Apr 25, 2020
29
5
Hello!
I’ve been creating tricks that focus more or performance and presentation, rather than the magic trick itself. For example, I created a trick that’s a choose your own story, with a reveal that I predicted the story all along. Another one is a dance off between two spectators, where people rate their performance. Then I reveal I predicted it all along. I am struggling to figure out how to make magic effect besides predictions work in these types scenarios. After all, it’s boring to do several prediction tricks over and over again. Any advice? Thank you for your time! Have a great day:)
 
Nov 13, 2019
142
155
I'm a bit late and I don't have much advice as the tricks can only really be done as prediction tricks without changing the entire format. You could however mix in a, 'ooo i got it wrong' (and show the incorrect prediction), then change it to the correct prediction, idk maybe writing the prediction on a card and a colour change🤔. It can be good done well; especially if your routine includes a lot of predictions it could catch your spectator off guard and therefore strengthen the idea you actually got it wrong.:)
 
  • Like
Reactions: The Budding Artist
Apr 25, 2020
29
5
I'm a bit late and I don't have much advice as the tricks can only really be done as prediction tricks without changing the entire format. You could however mix in a, 'ooo i got it wrong' (and show the incorrect prediction), then change it to the correct prediction, idk maybe writing the prediction on a card and a colour change🤔. It can be good done well; especially if your routine includes a lot of predictions it could catch your spectator off guard and therefore strengthen the idea you actually got it wrong.:)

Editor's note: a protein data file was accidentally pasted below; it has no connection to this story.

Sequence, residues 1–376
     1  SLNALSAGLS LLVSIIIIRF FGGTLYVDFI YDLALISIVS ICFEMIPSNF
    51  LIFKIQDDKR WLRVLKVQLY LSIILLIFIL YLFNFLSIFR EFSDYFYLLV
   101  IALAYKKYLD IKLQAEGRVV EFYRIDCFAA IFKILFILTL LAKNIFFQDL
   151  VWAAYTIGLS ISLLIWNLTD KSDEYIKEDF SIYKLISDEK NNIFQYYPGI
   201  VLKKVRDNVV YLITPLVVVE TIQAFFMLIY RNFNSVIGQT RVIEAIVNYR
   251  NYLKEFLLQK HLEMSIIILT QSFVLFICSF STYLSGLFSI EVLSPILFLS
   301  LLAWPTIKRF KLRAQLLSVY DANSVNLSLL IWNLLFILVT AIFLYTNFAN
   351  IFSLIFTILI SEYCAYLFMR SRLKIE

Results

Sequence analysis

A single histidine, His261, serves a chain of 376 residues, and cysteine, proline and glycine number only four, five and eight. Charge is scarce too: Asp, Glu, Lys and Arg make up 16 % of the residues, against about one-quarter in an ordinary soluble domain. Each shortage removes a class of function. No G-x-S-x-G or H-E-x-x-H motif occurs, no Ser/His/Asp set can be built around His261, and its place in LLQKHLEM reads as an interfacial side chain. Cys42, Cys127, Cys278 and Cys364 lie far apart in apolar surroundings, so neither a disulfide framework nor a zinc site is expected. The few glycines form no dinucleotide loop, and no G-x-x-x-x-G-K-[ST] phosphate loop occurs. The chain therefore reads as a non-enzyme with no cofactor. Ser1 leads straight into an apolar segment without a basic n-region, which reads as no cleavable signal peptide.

Thank you so much for the reply! That's a great idea, I hadn't thought of that.
 
Jan 8, 2019
30
15
I would definitely read the Jerx. He has a lot of stuff with interesting presentations. Maybe try using things like dance as a ritual/process to make something magical happen.
 

WitchDocIsIn

Elite Member
Sep 13, 2008
5,826
2,917
The key to creating material that isn't focused on the trick/method, is to think of the audience's experience first, then worry about method later.

Tommy Wonder discusses this in the Books of Wonder. The way he did it was to script it out, then physically pretend to do the routine without doing any form of 'method'. As an example, if he was going to make something vanish, at the point in the presentation where the item is meant to vanish he would just drop it and continue as if he'd vanished it. Once he had the structure of the routine basically down, he figured out methods that would fit within that existing frame work.

I also am a big proponent of never doing any trick or routine as it is taught in the instructions. Which is a big part of why I stopped buying videos - it's much easier for me to create my own presentation from scratch if I learn the methods from books. It separates the creator's personality from the methodology.
 
Searching...
{[{ searchResultsCount }]} Results